EDITORIALS Weekly EPW july 24, 2010 vol xlv no 30 9 I n popular perception, non-communicable diseases ( NCD s) like diabetes, cancer, cardiovascular diseases and osteoporosis, are diseases of the afﬂuent nations. Developing nations have to contend with illnesses like malaria, cholera, tuberculosis, diar-rhoea and those associated with malnutrition. This is no longer true. Countries like India are now suffering what is termed a “double burden” with infectious diseases and those connected with hunger and malnutrition continuing their ruinous march while the NCD s rapidly gain ground. Heeding the changed scenario, the Cabinet Committee on Economic Affairs has approved the National Programme for Prevention and Control of Cancer, Diabetes, Cardiovascular Diseases and Stroke ( NPCDCS ) for implementation during the remaining period of the Eleventh Five-Year Plan. The estimated outlay is Rs 1,230.90 crore. The programme will be implemented in 20,000 sub-centres and 700 community health centres ( CHC s) in 100 districts across 15 states/union territories and 32,000 health personnel will be trained at various levels to provide opportunistic and targeted screening, diagnosis and management. This is a case of better late than never. As the cabinet committee noted, NCD s account for over 42% of all deaths with considerable loss in potentially productive years (the 35-64 age group). It also admits that clinical services are not adequately equipped to provide the required level of care for these diseases in primary and secondary healthcare settings. According to a 2002 report of a joint World Health Organisation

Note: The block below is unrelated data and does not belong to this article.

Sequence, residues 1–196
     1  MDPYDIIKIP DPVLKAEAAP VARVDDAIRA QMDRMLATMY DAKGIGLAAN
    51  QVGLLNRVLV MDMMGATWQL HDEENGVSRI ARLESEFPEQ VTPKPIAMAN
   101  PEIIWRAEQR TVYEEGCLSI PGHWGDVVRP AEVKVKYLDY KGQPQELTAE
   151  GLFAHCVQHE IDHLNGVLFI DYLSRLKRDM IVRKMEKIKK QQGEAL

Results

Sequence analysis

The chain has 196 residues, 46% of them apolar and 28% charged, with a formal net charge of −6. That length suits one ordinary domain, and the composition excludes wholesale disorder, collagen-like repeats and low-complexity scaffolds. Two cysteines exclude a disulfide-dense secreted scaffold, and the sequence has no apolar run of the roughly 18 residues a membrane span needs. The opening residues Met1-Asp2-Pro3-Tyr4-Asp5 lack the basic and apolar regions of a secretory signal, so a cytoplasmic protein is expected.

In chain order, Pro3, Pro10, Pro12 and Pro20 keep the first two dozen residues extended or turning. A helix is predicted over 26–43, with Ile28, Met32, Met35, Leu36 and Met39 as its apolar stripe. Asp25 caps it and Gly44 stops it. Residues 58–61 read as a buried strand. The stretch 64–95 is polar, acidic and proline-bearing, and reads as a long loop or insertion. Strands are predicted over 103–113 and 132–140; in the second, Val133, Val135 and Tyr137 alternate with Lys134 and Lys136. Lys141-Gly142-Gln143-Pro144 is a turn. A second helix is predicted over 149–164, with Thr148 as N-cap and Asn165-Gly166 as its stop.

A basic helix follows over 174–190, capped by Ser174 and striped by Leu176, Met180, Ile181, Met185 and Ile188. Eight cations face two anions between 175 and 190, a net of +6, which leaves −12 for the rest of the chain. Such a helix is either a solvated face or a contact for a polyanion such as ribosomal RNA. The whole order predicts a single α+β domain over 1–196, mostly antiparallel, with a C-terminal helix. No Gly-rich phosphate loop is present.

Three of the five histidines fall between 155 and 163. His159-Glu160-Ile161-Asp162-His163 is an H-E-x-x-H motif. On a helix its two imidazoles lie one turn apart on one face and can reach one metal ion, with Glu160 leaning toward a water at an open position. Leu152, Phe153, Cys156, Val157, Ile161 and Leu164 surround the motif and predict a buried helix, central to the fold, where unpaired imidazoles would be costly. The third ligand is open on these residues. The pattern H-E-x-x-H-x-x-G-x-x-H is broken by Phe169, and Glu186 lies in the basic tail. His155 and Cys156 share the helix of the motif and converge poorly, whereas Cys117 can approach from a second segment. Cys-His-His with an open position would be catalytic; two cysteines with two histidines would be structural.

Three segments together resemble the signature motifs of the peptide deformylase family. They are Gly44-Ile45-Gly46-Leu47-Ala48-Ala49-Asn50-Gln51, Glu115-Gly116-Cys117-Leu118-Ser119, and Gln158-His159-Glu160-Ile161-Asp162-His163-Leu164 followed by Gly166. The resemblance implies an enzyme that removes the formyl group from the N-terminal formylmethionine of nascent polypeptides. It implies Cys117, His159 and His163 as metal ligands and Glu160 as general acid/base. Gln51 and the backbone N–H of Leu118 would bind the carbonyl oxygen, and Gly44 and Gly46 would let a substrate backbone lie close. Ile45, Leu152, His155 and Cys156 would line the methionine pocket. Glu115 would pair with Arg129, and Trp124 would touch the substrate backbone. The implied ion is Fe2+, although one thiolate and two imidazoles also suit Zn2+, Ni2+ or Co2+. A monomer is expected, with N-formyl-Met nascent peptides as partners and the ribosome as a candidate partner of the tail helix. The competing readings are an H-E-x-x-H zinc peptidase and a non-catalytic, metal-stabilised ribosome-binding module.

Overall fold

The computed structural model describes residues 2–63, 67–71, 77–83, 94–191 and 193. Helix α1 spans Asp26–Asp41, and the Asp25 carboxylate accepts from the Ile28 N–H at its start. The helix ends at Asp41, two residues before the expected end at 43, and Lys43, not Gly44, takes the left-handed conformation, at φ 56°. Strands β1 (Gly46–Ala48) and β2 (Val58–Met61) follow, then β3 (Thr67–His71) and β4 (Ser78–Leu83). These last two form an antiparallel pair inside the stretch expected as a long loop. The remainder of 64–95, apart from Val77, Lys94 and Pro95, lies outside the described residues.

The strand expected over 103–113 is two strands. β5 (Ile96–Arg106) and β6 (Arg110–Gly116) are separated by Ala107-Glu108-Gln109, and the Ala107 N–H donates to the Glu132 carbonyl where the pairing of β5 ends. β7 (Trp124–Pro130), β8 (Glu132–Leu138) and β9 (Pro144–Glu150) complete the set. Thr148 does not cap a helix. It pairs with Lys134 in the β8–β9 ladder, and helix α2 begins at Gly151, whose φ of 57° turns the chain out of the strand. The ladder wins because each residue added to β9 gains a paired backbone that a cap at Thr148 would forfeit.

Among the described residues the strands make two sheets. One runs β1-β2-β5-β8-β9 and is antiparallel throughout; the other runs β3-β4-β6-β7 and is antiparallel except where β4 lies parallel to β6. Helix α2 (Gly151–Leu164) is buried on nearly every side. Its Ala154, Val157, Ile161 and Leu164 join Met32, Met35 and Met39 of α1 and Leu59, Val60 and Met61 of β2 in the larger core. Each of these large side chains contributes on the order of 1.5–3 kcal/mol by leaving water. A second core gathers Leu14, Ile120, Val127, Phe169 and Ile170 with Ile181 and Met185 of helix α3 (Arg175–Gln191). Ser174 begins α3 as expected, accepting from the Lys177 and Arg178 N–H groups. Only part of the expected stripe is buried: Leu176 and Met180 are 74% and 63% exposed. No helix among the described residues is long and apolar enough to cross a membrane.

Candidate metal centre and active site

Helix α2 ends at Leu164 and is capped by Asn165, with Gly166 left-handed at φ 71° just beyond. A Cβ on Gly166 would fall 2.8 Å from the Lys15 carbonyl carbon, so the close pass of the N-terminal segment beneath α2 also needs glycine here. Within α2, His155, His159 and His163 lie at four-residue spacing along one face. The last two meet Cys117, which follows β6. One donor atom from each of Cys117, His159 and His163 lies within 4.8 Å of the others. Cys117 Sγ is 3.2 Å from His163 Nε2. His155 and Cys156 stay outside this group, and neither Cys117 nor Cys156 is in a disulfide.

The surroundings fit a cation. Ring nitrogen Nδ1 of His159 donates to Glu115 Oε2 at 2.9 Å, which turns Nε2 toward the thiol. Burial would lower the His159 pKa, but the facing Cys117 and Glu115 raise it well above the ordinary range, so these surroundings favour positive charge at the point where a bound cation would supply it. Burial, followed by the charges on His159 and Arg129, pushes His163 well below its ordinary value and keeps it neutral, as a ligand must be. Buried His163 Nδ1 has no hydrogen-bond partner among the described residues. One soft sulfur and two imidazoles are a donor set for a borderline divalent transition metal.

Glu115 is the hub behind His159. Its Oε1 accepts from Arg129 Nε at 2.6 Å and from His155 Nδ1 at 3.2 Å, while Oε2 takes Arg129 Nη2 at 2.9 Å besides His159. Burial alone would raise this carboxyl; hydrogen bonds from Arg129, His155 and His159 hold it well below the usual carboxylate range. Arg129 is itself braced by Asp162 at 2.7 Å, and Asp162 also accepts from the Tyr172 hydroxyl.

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This note was uploaded on 07/31/2010 for the course FIN 201 taught by Professor Hcverma during the Summer '10 term at IIT Kanpur.